The candidate does not have the temperament to be president. Do you want that finger on the nuclear button? And just look at the record, one of deceit, possible criminal activity, and I won’t even get into the private list of adultery and money shenanigans.
These are my one-size-fits-all talking points for our two major presidential campaigns. The accusations work perfectly to describe either Hillary or Trump. (Those are good shorthand names not to confuse.) Get out the mud, crank up the outrage and throw those epithets. But for all the billions spent, the bromides unleased in speeches, and the circus of the conventions, let us be perfectly honest: you have already made up your mind. If you’re a Texan you probably will make lots of noise, mostly about how bad the opposition candidate is, and you probably won’t vote. All hate and no cattle.
Here’s the problem: you really can’t stand either candidate, but one is your party’s nominee, and you’ve got to go through mental gymnastics to sooth your soul. How to rationalize, how to spin, your selection, so that you won’t feel like you sold out? An example: you really liked Ted Cruz, and really hate Donald Trump. You thought evil thoughts about that bragging, arrogant clown, but now Trump is your party’s nominee. Yes, that successful business tycoon whose few bankruptcies are easily outweighed by his shrewd negotiations, the many jobs he’s created, including that of food taster. Besides, anyone but Hillary. Or, you backed Bernie Sanders, and can’t stand Hillary, that scheming, overachieving witch, who lied, cheated and collected blood money from Arab dictators to get to the top. But Bernie is history, and you are left with your party’s only nominee, Hillary, that crafty, brilliant and experienced diplomat who will be our first female president, and about time.
Either way with either candidate, don’t feel special that you have betrayed your principles in the name of winning. It’s done all the time. Let’s take Ted Cruz, so unpopular with his fellow senators who don’t miss him (he was gone from February to June) that even his best friends don’t like him. Cruz has ripped Trump as narcissist and a bully. “This man is a pathological liar, he doesn’t know the difference between truth and lies … in a pattern that is straight out of a psychology text book, he accuses everyone of lying . . . Whatever lie he’s telling, at that minute he believes it … the man is utterly amoral.”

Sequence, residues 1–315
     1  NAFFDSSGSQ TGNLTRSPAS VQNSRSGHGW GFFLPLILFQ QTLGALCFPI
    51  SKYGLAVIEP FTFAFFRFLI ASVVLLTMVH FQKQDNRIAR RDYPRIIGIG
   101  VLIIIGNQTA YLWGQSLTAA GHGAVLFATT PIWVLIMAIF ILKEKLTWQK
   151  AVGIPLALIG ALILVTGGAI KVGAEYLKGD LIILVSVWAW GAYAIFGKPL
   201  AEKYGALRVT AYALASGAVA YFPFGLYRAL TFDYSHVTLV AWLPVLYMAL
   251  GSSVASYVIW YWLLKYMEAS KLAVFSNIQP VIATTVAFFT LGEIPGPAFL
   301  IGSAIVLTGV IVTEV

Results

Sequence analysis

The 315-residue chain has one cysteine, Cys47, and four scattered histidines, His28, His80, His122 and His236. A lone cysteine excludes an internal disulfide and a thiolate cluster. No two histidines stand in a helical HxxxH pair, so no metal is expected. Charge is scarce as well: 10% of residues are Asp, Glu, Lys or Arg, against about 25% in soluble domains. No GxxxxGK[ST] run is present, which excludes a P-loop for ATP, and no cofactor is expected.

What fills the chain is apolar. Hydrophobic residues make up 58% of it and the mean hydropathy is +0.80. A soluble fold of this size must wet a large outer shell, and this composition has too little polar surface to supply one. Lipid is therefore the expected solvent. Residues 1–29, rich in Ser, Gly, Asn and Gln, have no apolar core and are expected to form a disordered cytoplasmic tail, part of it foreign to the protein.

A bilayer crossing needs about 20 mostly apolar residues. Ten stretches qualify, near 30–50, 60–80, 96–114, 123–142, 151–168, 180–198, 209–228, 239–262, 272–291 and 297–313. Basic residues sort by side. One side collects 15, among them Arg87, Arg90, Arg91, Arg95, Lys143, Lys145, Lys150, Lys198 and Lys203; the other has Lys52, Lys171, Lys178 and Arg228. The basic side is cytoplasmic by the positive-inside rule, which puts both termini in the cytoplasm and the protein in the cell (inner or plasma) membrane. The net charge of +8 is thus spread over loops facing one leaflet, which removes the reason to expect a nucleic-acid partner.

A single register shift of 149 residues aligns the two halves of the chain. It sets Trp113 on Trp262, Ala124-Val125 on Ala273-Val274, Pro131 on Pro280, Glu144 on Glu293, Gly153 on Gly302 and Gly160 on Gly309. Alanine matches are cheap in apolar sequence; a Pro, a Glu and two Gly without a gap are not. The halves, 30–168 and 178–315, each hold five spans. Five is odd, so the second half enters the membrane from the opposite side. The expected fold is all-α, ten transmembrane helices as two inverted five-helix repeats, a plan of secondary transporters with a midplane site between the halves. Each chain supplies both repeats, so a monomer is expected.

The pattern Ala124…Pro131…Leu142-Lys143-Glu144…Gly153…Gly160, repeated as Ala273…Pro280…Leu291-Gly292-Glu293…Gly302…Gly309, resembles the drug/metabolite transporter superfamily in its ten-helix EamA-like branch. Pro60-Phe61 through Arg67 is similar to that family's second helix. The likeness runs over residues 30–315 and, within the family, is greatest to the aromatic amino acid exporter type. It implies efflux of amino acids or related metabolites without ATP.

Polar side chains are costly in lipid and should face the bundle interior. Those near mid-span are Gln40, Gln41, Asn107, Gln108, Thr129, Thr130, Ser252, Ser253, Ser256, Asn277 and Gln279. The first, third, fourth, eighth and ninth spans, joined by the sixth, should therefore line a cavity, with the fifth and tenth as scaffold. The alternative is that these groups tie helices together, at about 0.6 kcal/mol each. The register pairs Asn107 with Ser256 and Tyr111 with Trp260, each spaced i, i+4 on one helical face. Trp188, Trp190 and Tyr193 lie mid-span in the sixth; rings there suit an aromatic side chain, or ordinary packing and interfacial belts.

As for Trump vs. Cruz, the Donald referenced a report from that bastion of responsible journalism, the National Enquirer, (“Martians Eat the Washington Monument!”) which had identified Rafael Cruz, Ted’s father, in a photo with Lee Harvey Oswald months prior to the JFK assassination. It’s going to take some making up for Cruz to support Trump, but what you bet that happens? Same for Carly Fiorina, who said about Trump: “He does not represent me, he does not represent our party, and I do not think he can be our nominee.” Ah, but Trump about Fiorina: “She had the one good debate, she went up and then she dropped like a rock, and she never resonated with the people. So I mean, Carly’s not going to do the trick.” Another time he said, while watching her on TV: “Look at that face! Would anyone vote for that? Can you imagine that, the face of our next president? I mean, she’s a woman, and I’m not supposed to say bad things, but really, folks, come on. Are we serious?”
In March, Marco Rubio dismissed Trump as a “con artist” and “the most vulgar person ever to aspire to the presidency.” Rubio also criticized Trump’s physical features: “You know what they say about men with small hands … You can’t trust them.” In turn, Trump mocked the Florida senator as “Little Marco” and poked fun at his tendency to sweat on the debate stage and drink lots of water. Yet 180 degrees later, the Florida senator said he’ll not only vote for Trump, he’d be willing to speak on his behalf at the GOP National Convention this summer. And he didn’t rule out the possibility of serving in a Trump administration.
Some high-profile party members have said they will pass up the convention entirely. Then there is our former governor, Rick (Oops) Perry. He was the first prominent GOPer to publicly criticize Trump and question his conservative credentials, calling his candidacy a “cancer on conservatism.” How things have changed. This from Perry: “He is not a perfect man. But what I do believe is that he loves this country and he will surround himself with capable, experienced people, and he will listen to them. He is one of the most talented people who has ever run for the president I have ever seen.” There are more prominent Republicans who have changed their tune, going from “You Ain’t Nothing But a Hound Dog” to “Stand By Your Man.” Their about-faces are “for the good of the party,” or, “I will support my party’s nominee.” John F. Kennedy once said, “Sometimes party loyalty asks too much.” Not for these chameleons.
Democrats have it much easier, since the only opposition was from supporters of Bernie Sanders, and they’re on summer vacation from high school. But for Americans who find themselves deciding between being hanged or shot, rationalization is hard. So Trump supporters, try these out in the mirror with a straight face: Good walls make good neighbors. Would you want YOUR taxes made public? His former wives say he was the best ex they ever had. For reluctant supporters of Hillary, drop these bon mots in conversation or use them as bumper stickers: Females for Emails. Take the T out of Trump. I’d rather be baking cookies.
Simply think of one reason to justify the spin in your spine. Your children will be proud.
Ashby spins at email@example.com